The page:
*pattisa do not have the khanda hilt but an open hilt such as this and usually have a broadsword blade although with flared point.

The hilt does have certain characteristics that favor the paluoar, such as the bowl type pommel as well as slightly downward slope on the tulwar quillons. The hilt with vertical fluting is unusual, and one of the very few examples I have seen is one in Figiel (fig. 17c, PS9) which he suggests is a Persian shamshir. It has tulwar form hilt although different than this one, does have a version of this fluting. Something else significant to me is the appearance of the concentric circles motif. This is typically seen in Afghanistan on various weapons and usually in bone grips.

So here we have elements of influence from regions to the north, found on what may be a Rajput weapon from Sind, reflecting influences from the Deccan and even from the Mughal sphere far to the south in the use of brass, which is more characteristic there. Then with the use of a German trade blade more commonly found on kaskaras in Africa.
A fascinating anomaly !!!

Nicely done Andy!! I think you should seriously think about tickets to Las Vegas!!!

All the best,
Jim
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Old 23rd December 2005, 09:26 AM   #8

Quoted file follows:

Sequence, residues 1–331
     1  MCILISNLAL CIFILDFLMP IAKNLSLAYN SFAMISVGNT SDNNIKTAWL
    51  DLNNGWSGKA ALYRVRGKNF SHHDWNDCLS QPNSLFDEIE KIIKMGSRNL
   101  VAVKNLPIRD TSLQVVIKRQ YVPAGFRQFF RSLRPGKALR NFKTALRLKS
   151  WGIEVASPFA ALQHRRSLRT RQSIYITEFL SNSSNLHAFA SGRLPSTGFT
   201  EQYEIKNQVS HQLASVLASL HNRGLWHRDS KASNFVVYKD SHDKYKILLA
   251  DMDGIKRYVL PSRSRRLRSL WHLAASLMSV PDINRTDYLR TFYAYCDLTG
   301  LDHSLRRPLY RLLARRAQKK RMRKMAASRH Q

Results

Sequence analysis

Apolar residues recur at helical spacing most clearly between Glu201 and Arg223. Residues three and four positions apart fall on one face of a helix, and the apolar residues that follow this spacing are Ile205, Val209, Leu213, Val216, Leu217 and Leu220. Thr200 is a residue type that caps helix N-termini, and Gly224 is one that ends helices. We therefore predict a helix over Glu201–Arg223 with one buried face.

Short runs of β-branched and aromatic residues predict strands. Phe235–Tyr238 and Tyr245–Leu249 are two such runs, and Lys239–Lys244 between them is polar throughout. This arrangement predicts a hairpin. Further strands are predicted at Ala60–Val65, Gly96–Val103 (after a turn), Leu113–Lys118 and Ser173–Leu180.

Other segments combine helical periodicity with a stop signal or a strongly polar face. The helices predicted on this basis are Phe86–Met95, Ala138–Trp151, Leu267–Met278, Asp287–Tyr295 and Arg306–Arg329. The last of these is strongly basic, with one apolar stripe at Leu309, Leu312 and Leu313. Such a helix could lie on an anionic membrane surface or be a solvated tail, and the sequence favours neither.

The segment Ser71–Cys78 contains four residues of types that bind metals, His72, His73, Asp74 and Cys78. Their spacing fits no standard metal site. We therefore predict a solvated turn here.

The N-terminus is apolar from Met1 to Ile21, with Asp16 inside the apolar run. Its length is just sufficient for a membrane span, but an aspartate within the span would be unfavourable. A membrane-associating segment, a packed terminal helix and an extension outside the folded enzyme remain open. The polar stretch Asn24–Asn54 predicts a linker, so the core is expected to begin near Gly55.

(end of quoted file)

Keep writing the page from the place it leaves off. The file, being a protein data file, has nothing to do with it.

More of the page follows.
Andy Davis
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Default Interest?

Ah Jens, every edged weapon of any nationality interests me and its only now that I've tried to specialise in Indian items. Still at over 30 tulwars, I think I could claim to have an interest! Its just that I dont always expect my funds to be able to get the most spectacular...just the cheapest
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Old 23rd December 2005, 04:19 PM   #9
Jens Nordlunde
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Hi Andy,
I was surprised to see that you have over 30 tulwars, that is quite a lot, and I doubt that many, if any at all, on the forum can beat that.
Cheap or expensive weapons mostly have the same characteristics, and when you want to study the weapon as a weapon, it is these characteristics, which are of interest.

Hi Jim,
So you also took the decoration of the hilt into consideration – I should have known it. Yes it is interesting to see such a decoration on a hilt from the Sind area, but on the other hand, it may not have been there from the start, and weapons travelled a lot earlier. Foreign blades are not unusual on Indian weapons, but this one is rather unusual, but like you said, even blades without hilts travelled a long way in those days.